It only seemed fitting that I would take this player review, to be honest.

For anyone who follows me on Twitter, I am an unapologetic Dansby Swanson apologist. To start with, his biological brother is my fraternity brother. I’ve been hearing about Dansby from a proud big brother since he was in middle school, probably. So from the moment he was traded to the Atlanta Braves from the Arizona Diamondbacks, I was a fan.

And frankly, it’s more than a little cool to see a guy that I know grew up in Atlanta as a Braves fan get a chance to win a World Series for HIS team.

In a lot of ways, this year felt like the year we finally saw what Dansby can be offensively. He essentially matched his career slash line, posting a .248/.311/.449, but he hit another gear in terms of power, smashing 27 home runs on the year.

It wouldn’t be a Dansby season without some ups and downs at the plate, though. After putting up a paltry .582 OPS in the first month of the season, he heated up in May, launching six homers in 93 at-bats as part of an .876 OPS. June was back closer to his norm at .707, and then he went for back-to-back solid months of .924 and .898 before slowing down in September.

In the postseason, Swanson continued his slide at the plate through the first two rounds, but an .804 OPS in the World Series was buoyed by a pair of highlight home runs. The first tied Game 4 in the seventh inning before Jorge Soler put the Braves ahead for good with a solo homer of his own, and the second put Atlanta ahead 5-0 and really felt like the finishing blow after Soler sent a ball into literal orbit.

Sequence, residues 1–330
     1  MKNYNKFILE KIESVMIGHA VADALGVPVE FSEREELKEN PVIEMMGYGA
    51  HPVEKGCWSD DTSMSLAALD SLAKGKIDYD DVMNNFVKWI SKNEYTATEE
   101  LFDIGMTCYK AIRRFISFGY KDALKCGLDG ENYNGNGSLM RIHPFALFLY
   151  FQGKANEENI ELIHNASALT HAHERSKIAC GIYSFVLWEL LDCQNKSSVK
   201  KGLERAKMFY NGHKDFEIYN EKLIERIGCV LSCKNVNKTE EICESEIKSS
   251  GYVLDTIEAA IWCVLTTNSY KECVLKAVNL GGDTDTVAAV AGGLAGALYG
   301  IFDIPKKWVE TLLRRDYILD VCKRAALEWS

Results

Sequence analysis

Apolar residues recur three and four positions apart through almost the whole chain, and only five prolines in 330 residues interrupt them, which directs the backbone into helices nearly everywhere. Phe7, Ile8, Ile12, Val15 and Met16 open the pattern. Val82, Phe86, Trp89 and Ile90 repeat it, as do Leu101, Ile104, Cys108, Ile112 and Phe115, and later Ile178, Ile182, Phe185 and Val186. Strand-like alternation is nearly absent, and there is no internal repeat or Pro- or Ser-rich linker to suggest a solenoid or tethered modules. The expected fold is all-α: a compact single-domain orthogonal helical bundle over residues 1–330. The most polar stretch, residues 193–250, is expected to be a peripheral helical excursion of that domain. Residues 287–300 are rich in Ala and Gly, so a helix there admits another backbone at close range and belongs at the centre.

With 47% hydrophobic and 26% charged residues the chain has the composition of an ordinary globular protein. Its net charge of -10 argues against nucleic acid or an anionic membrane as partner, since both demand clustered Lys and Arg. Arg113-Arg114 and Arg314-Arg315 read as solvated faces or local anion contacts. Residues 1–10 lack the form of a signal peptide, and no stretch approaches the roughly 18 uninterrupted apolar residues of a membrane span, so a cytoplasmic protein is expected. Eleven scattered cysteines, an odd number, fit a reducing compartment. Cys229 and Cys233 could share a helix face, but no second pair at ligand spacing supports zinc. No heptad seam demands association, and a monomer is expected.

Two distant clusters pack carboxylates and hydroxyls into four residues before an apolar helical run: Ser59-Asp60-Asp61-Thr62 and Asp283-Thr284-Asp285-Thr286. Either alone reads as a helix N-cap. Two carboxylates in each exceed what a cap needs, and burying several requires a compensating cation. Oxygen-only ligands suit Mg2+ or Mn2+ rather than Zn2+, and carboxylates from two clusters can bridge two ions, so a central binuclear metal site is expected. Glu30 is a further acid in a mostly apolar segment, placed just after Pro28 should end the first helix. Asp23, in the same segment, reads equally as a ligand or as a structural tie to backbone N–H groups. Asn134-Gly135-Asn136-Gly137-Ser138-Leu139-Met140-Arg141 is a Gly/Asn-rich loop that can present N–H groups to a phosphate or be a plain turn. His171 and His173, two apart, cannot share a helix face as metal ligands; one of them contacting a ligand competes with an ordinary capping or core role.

Truthfully, what costs Swanson in the eyes of the fanbase is comparison. Over the history of baseball, having a solid defensive shortstop who can hit .248 with 27 homers would be seen as a huge asset. But Dansby is playing in the midst of a boom period in terms of production at the shortstop position. He ranked 10th among qualified MLB shortstops in OPS despite finishing third in home runs, and his .248 batting average was good for 11th.

In reality, it’s tough to know what to make of Swanson’s future in Atlanta. He was predictably tendered a contract, but he’s entering his last arbitration year – assuming that’s still a thing after the lockout – without a long-term deal. If he has another year like 2021, it’s easy to see where he and the Braves might be able to come to terms on a mutually beneficial deal. But if he’s less productive – or even significantly more productive – the second act of his career will likely take place elsewhere.